Lewis Hamilton turned in a faultless drive as he and Mercedes returned to winning ways at the Chinese Grand Prix ahead of Nico Rosberg and Sebastian Vettel.
Hamilton led away from pole and won the race during a perfectly-managed middle stint, where he appeared to drive conservatively despite calls from Mercedes to speed up in order to give team-mate Rosberg some breathing room ahead of Vettel. Hamilton then showed the true pace of the Mercedes by turning up the wick in the laps before his final pit stop.
His seven second lead was nullified at the end by the race finishing under the safety car but it was still a perfect weekend for the world champion, collecting pole, the fastest lap and the race victory. Rosberg and Mercedes managed to do enough to secure the one-two, though Ferrari kept the world champions honest through the first two stints. Williams spent much of the race a distant fifth and sixth, confirming the fact it has fallen behind Ferrari in the pecking order.
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Lewis Hamilton took his third consecutive pole position of the season as he pipped Mercedes team-mate Nico Rosberg to the top spot in China by the slimmest of margins.
Hamilton has looked flawless all weekend and carried that form into qualifying, though he was made to sweat in Q3 when Rosberg crossed just 0.042s down on his 1:35.782 benchmark. The Mercedes front-row lock out was expected, with Ferrari having to turn its attention from the Silver Arrows to the Martini-liveried Williams in qualifying. Having had a quiet practice, Williams was back in the hunt for the second row and looked to have secured it behind Mercedes, only for Vettel to snatch third with his last run.
One important consideration was tyres, given Mercedes’ costly decision to use a set of prime tyres in Q1 in Malaysia – a decision which hampered the team in the race. There was no repeat this time around as Mercedes set the Q1 times it needed on medium tyres while all its rivals, including Ferrari, used fresh softs. It means Mercedes has saved a set of soft tyres for the race, something which may be crucial for strategy and nullifying the threat from Ferrari on Sunday.
Having had such a promising weekend on his longer runs, Kimi Raikkonen had to settle for sixth position, meaning the Finn will have to dispatch the Williams early if he wants to take the fight to Mercedes. Behind that, Daniel Ricciardo qualified seventh ahead of Romain Grosjean, while the Sauber’s of Felipe Nasr and Marcus Ericsson rounded off the top ten.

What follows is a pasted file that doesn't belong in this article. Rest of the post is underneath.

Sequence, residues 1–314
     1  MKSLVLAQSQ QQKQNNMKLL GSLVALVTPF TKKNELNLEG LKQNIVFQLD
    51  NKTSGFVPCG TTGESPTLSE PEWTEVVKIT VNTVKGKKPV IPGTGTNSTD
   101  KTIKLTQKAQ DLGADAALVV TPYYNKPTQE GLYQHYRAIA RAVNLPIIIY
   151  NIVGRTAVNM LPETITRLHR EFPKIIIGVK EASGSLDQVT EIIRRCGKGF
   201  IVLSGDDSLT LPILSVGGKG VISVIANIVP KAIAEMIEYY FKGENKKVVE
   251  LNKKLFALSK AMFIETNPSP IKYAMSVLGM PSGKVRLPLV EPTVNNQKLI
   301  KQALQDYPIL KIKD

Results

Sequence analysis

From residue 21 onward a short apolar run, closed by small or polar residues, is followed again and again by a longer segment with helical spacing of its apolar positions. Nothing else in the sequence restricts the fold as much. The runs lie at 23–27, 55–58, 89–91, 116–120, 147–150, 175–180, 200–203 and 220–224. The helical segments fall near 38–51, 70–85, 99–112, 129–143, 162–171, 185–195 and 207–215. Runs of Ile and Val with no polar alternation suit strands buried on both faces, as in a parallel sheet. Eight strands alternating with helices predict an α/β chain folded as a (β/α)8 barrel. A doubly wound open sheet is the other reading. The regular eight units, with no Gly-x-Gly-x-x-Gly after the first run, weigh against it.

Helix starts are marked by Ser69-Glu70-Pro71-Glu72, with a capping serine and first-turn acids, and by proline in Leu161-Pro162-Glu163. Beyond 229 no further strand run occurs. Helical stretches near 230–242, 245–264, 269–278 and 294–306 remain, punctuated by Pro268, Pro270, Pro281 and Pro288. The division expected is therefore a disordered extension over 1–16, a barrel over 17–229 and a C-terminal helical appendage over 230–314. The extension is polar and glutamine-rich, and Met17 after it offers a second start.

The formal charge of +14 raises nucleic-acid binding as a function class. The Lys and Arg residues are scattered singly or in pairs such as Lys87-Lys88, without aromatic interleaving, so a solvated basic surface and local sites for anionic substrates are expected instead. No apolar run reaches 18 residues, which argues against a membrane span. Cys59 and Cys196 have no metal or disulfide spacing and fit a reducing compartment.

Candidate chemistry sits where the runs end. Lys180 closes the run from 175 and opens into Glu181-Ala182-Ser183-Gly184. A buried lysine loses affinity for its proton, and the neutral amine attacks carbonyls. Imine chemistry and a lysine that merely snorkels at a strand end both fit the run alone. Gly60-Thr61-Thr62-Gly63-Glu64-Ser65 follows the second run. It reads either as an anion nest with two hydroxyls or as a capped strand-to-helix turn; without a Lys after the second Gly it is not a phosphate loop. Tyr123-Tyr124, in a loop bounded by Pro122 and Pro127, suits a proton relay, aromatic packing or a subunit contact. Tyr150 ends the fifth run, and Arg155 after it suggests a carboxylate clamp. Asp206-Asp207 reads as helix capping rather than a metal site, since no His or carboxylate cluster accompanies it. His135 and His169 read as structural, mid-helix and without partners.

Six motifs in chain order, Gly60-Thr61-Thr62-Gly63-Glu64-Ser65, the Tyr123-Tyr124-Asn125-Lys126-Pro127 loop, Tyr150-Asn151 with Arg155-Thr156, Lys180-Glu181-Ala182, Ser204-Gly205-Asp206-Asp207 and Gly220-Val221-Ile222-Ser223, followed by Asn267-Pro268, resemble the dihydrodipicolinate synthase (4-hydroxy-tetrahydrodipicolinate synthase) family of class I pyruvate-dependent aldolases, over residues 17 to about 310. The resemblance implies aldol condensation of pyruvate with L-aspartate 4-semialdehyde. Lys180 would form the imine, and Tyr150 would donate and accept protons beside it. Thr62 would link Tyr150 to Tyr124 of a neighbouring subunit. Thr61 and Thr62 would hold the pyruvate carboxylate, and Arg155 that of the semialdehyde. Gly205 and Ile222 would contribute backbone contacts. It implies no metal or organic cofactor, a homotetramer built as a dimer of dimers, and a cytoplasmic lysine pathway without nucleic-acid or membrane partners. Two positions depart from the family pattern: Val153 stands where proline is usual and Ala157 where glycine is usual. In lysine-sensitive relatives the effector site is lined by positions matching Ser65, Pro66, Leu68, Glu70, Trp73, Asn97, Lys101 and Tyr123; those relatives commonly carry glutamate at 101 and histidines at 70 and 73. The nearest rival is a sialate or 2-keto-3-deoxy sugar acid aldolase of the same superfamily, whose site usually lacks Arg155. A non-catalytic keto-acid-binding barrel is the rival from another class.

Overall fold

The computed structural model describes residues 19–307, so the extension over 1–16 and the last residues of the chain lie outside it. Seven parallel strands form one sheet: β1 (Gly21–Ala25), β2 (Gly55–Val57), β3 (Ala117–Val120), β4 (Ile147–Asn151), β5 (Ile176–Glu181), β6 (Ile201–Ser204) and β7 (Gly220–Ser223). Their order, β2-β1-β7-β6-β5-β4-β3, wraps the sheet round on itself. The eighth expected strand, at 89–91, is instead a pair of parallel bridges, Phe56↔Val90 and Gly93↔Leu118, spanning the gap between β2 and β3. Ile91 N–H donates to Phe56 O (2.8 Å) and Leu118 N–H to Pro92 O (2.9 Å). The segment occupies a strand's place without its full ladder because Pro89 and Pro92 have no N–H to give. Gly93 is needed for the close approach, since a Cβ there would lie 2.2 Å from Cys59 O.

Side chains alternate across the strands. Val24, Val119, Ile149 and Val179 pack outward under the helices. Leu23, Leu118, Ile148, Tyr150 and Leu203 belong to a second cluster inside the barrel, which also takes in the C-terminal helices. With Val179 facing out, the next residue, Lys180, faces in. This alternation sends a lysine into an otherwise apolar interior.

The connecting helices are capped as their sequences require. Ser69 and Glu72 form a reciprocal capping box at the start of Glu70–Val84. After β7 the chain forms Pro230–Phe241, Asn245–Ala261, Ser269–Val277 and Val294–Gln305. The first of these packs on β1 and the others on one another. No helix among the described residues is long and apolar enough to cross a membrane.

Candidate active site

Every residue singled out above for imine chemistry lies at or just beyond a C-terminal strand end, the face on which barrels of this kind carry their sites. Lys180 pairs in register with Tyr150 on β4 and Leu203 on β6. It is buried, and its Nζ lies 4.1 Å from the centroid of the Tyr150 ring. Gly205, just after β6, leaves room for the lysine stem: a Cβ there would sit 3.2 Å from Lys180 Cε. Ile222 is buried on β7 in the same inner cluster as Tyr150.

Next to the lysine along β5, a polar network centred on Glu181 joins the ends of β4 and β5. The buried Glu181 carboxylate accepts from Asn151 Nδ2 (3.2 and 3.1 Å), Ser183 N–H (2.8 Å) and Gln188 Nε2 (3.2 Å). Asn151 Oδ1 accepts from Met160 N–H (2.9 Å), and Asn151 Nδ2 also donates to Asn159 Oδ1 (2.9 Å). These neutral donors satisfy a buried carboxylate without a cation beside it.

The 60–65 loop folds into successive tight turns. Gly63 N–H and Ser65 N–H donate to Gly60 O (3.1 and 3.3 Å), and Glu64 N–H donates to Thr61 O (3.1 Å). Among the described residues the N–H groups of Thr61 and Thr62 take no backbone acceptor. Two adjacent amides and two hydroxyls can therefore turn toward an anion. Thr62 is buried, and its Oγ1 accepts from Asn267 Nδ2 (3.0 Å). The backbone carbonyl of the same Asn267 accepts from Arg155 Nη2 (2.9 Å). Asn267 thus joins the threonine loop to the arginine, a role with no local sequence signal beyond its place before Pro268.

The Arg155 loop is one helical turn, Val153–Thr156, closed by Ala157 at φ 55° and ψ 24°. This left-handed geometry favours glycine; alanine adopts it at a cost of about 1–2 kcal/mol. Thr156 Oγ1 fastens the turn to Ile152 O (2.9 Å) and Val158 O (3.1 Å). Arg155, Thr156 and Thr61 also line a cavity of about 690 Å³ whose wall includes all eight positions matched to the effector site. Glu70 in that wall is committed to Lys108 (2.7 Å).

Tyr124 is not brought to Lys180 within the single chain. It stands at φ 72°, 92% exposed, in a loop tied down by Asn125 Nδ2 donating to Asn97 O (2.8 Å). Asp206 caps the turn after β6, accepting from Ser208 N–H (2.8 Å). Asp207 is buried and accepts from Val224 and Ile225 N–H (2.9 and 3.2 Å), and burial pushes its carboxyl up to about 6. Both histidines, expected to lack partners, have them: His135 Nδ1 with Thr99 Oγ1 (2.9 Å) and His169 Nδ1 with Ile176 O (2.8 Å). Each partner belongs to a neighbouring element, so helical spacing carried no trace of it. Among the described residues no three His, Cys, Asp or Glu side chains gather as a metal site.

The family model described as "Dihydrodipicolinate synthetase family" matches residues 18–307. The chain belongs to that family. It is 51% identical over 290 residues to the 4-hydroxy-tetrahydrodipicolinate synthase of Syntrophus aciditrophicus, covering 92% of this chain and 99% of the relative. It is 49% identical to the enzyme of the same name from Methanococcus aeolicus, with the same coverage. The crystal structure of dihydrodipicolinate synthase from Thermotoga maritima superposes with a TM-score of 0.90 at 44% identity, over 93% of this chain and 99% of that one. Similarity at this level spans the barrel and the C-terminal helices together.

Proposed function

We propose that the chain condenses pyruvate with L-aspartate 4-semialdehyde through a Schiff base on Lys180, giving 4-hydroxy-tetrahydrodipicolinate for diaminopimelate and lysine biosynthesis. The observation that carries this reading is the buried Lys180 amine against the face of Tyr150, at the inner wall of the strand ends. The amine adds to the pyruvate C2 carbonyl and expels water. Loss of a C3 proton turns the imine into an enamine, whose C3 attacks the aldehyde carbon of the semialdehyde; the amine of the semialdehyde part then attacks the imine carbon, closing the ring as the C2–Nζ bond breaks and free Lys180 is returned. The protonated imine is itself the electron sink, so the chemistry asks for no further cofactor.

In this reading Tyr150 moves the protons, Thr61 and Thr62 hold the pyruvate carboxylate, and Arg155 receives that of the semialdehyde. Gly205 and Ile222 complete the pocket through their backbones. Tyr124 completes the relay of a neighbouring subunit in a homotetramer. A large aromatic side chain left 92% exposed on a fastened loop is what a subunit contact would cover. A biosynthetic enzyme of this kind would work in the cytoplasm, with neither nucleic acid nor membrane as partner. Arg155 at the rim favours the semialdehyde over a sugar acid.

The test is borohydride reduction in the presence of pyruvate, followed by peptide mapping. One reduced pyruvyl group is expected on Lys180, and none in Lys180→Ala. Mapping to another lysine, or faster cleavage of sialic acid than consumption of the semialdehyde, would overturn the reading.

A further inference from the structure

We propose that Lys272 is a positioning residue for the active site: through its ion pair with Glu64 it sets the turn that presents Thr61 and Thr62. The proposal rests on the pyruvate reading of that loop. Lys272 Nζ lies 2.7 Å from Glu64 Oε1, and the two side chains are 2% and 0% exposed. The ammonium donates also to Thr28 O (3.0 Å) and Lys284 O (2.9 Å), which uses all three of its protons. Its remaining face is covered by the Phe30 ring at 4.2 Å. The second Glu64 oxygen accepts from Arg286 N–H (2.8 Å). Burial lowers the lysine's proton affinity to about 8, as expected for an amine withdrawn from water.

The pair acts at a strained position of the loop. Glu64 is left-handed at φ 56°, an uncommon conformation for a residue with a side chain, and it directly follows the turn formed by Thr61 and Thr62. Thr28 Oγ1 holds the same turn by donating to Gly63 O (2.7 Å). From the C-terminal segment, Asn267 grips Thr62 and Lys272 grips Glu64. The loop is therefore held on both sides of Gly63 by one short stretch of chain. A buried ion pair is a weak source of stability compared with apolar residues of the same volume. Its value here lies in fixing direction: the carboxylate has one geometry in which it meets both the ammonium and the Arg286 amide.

Daniil Kvyat was the biggest-name casualty in Q2 as he dropped out of the session in 12th. Toro Rosso’s Max Verstappen and Carlos Sainz also failed to make it through the session, while Sergio Perez did well just to make the top 15 in the Force India.
McLaren had high hopes of making Q2 – and had even finished two tenths off 10th in FP3 – but both Jenson Button and Fernando Alonso dropped out of the first qualifying session. There was only 0.004s between the two former world champions, who finished two tenths off the time required to make it into the next session. It will be a blow for McLaren after talking up the visible progress it has made since the Malaysian Grand Prixm but the gains they have made might be more obvious in Sunday’s race. Nico Hulkenberg was the other man to drop out of Q1 despite having been quicker than team-mate Perez in the morning session.
Unsurprisingly the Manors finished at the foot of the standings, the first time both its drivers have completed a qualifying session. Will Stevens and Roberto Merhi qualified within the 107% mark required to race on Sunday.
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